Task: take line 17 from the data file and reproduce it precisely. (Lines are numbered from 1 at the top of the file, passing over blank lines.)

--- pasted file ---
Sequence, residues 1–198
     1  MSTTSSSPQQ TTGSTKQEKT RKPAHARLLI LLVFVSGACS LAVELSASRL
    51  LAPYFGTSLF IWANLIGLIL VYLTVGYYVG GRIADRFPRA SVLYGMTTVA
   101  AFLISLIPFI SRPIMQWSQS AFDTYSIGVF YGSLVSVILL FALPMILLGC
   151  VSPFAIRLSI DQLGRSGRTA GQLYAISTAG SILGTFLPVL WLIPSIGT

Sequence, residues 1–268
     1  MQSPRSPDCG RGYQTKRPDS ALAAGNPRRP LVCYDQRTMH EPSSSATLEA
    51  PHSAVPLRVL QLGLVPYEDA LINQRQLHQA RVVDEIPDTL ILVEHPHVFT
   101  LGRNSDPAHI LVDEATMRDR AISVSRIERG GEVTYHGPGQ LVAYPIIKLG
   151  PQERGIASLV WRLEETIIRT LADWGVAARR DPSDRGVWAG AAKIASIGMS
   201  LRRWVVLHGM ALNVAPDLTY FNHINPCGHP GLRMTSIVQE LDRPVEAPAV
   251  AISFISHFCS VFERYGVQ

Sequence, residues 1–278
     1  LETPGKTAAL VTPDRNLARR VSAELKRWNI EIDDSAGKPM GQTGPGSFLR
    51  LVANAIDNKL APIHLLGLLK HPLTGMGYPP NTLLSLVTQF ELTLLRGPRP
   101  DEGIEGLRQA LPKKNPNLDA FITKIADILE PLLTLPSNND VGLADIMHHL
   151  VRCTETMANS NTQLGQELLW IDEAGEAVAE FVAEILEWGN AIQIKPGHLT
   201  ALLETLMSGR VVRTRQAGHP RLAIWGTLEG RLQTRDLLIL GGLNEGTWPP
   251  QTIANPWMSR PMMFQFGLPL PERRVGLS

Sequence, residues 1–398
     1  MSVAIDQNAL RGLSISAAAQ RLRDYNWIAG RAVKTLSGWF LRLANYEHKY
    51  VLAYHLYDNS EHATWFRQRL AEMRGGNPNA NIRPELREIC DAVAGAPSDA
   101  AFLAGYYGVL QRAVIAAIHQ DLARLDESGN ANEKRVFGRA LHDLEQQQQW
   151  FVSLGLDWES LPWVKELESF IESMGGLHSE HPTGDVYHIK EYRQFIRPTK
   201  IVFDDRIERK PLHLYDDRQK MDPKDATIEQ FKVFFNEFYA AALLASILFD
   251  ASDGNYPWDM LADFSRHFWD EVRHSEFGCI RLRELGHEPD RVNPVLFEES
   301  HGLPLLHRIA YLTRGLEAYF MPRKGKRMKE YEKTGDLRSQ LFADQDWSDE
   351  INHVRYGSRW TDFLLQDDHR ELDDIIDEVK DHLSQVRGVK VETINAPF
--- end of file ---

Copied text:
   151  VRCTETMANS NTQLGQELLW IDEAGEAVAE FVAEILEWGN AIQIKPGHLT